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L A Convention 2000

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CALIFORNIA | LOCAL
April 18, 1998 | JOCELYN Y. STEWART, TIMES STAFF WRITER
The last and only time Los Angeles hosted the Democratic National Convention was in 1960, the year John F. Kennedy clinched the nomination. On Friday a group of local business leaders and elected officials launched a campaign to bring the convention to the city again--and with it a projected $137 million in revenues.
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CALIFORNIA | LOCAL
April 18, 1998 | JOCELYN Y. STEWART, TIMES STAFF WRITER
The last and only time Los Angeles hosted the Democratic National Convention was in 1960, the year John F. Kennedy clinched the nomination. On Friday a group of local business leaders and elected officials launched a campaign to bring the convention to the city again--and with it a projected $137 million in revenues.
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CALIFORNIA | LOCAL
May 4, 1998 | TINI TRAN, TIMES STAFF WRITER
Rep. Loretta Sanchez's campaign war chest got a huge boost Sunday when President Clinton showed up for a fund-raiser in Los Angeles for the Garden Grove Democrat. Swinging through on a West Coast tour, Clinton urged the 100-plus supporters at the Westwood Marquis Hotel to give Sanchez the clear victory she deserves. "I want an unambiguous celebration this November," he told the cheering crowd, referring to Sanchez's controversial victory in 1996.
CALIFORNIA | LOCAL
February 17, 2000 | JIM NEWTON, TIMES STAFF WRITER
Demonstrating his determination to take over the much-maligned planning for this summer's Democratic National Convention, Mayor Richard Riordan on Wednesday pushed aside the head of the event's host committee and replaced her with one of his most trusted aides. Deputy Mayor Noelia Rodriguez said she had agreed to take over the host committee, replacing Lucy McCoy, a public relations and fund-raising expert who has worked with Riordan on a number of projects.
NEWS
August 9, 2000 | KARIMA A. HAYNES, TIMES STAFF WRITER
They were considered the most attractive, poised and active young women in local Democratic clubs in California. Outfitted in white dresses, wide-brimmed straw hats and dainty gloves, the "Golden Girls" were thoroughly instructed to fetch aspirin, deliver messages or arrange sightseeing excursions for the delegates to the 1960 Democratic National Convention in Los Angeles.
CALIFORNIA | LOCAL
July 27, 2000 | SHAWN HUBLER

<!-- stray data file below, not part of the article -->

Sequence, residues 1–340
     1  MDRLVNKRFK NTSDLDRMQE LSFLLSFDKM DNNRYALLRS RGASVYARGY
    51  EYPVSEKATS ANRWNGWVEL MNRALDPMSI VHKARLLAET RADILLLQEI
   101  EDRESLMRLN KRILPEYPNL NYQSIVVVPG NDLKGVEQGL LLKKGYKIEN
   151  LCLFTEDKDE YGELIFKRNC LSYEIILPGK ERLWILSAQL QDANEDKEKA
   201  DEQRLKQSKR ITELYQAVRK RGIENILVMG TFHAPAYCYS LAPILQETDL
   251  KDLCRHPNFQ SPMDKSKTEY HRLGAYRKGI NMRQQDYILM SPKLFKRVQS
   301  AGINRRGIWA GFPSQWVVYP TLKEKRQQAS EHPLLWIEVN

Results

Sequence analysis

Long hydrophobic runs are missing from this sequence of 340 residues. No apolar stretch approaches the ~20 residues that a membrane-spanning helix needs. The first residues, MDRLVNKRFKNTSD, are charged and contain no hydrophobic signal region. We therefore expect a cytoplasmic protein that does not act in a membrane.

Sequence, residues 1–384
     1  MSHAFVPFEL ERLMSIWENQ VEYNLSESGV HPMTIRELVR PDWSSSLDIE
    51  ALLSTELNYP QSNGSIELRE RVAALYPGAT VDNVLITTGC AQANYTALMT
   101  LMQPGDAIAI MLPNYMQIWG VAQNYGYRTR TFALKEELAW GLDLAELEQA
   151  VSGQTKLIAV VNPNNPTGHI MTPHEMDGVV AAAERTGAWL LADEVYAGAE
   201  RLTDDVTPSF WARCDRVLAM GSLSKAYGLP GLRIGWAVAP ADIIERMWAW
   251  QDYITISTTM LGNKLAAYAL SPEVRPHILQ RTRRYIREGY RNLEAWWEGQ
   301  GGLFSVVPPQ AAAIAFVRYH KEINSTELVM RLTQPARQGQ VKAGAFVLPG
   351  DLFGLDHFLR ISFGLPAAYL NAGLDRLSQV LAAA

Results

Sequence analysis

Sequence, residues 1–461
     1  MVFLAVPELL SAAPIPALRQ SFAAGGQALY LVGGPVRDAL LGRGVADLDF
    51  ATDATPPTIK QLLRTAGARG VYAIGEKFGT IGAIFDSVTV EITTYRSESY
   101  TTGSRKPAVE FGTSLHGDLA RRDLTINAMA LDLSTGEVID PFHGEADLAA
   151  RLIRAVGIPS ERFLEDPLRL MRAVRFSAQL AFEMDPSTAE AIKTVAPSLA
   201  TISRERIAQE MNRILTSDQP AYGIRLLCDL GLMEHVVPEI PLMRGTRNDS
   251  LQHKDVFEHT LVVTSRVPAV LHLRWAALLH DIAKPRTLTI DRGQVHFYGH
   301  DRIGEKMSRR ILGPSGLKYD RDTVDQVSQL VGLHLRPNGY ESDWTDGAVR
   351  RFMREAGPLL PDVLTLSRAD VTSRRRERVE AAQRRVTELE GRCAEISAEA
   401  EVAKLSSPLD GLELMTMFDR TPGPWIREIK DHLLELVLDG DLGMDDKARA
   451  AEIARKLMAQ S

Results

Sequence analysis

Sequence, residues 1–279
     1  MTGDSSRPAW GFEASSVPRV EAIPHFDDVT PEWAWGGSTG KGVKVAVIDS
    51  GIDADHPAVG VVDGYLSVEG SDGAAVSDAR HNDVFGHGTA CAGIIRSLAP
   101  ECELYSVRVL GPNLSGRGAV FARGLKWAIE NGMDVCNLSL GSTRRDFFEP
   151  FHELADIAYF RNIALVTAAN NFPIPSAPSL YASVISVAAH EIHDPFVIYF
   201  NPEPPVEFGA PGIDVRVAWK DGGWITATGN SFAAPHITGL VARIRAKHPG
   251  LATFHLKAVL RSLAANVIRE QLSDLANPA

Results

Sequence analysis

A new guide to Los Angeles comes out this week in observance of the Democratic National Convention. The topic: all that the readers and viewers of America should like--really like--about L.A. Because America will never really like L.A., 26 public relations experts were called in, like superheroes, to work on it from across the Southland. "The Official L.A. Convention 2000 Media Resource Book" is the title, but it could just as easily be "Los Angeles: Honest, Folks, It's Not as Bad as They Say."
CALIFORNIA | LOCAL
August 11, 2000 | JOSH MEYER, TIMES STAFF WRITER
Literally rolling out the red carpet Thursday, Mayor Riordan and assorted civic leaders welcomed attendees of next week's Democratic Convention, promising them a fun time and a world-class city that is, in Riordan's words, "ready to shine in the world's spotlight." "We will show people why Los Angeles is the capital city of the 21st century," Riordan said at a formal welcoming ceremony outside Staples Center downtown, the site of the convention.
CALIFORNIA | LOCAL
July 16, 2000 | BOBBY CUZA, TIMES STAFF WRITER
Ellen Jacobs can testify to how much things have changed since Los Angeles last hosted a major political convention in 1960. Jacobs was picked to be a "golden girl" at the 1960 Democratic National Convention, one of the many hostesses who acted as meeters, greeters and guides for conventioneers. Jacobs, who was 31 back then, fondly recalls taking New Hampshire delegates on a tour of MGM studios, and helping to clear a passageway on the Sports Arena floor for John F.
CALIFORNIA | LOCAL
August 5, 2000 | DUKE HELFAND and SORAYA SARHADDI NELSON, TIMES STAFF WRITERS
Ten days before the start of the Democratic National Convention in Los Angeles, local organizers are still waiting to secure some of the most coveted perks being sought by major sponsors. In return for donations of as much as $1 million, the convention's host committee has promised a variety of rewards that include advertising in convention programs and VIP tickets to cocktail parties.
NEWS
August 13, 2000
So Hugh Hefner threw a bash of his own. On Saturday night, Hefner filled his Playboy Mansion in Holmby Hills with friends, entertainers, politicians and media types in yet another chapter of the ongoing melodrama about who would use his house for a party. Certainly not Rep. Loretta Sanchez (D-Garden Grove), who wanted to use it for a fund-raiser but succumbed to intense arm-twisting by Democratic Party higher-ups who thought it would be unseemly.
BUSINESS
January 26, 2000 | James Flanigan
Los Angeles and all of Southern California will be presented with an exciting opportunity or a numbing disaster in August when the Democratic Convention meets here. The event will bring 5,000 convention delegates to town and 15,000 journalists from around the world. It will be Showcase time, and if Los Angeles can duplicate the triumph of the 1984 Olympics, then the region will get a long-term lift in tourism and investment by businesses wanting to be here.
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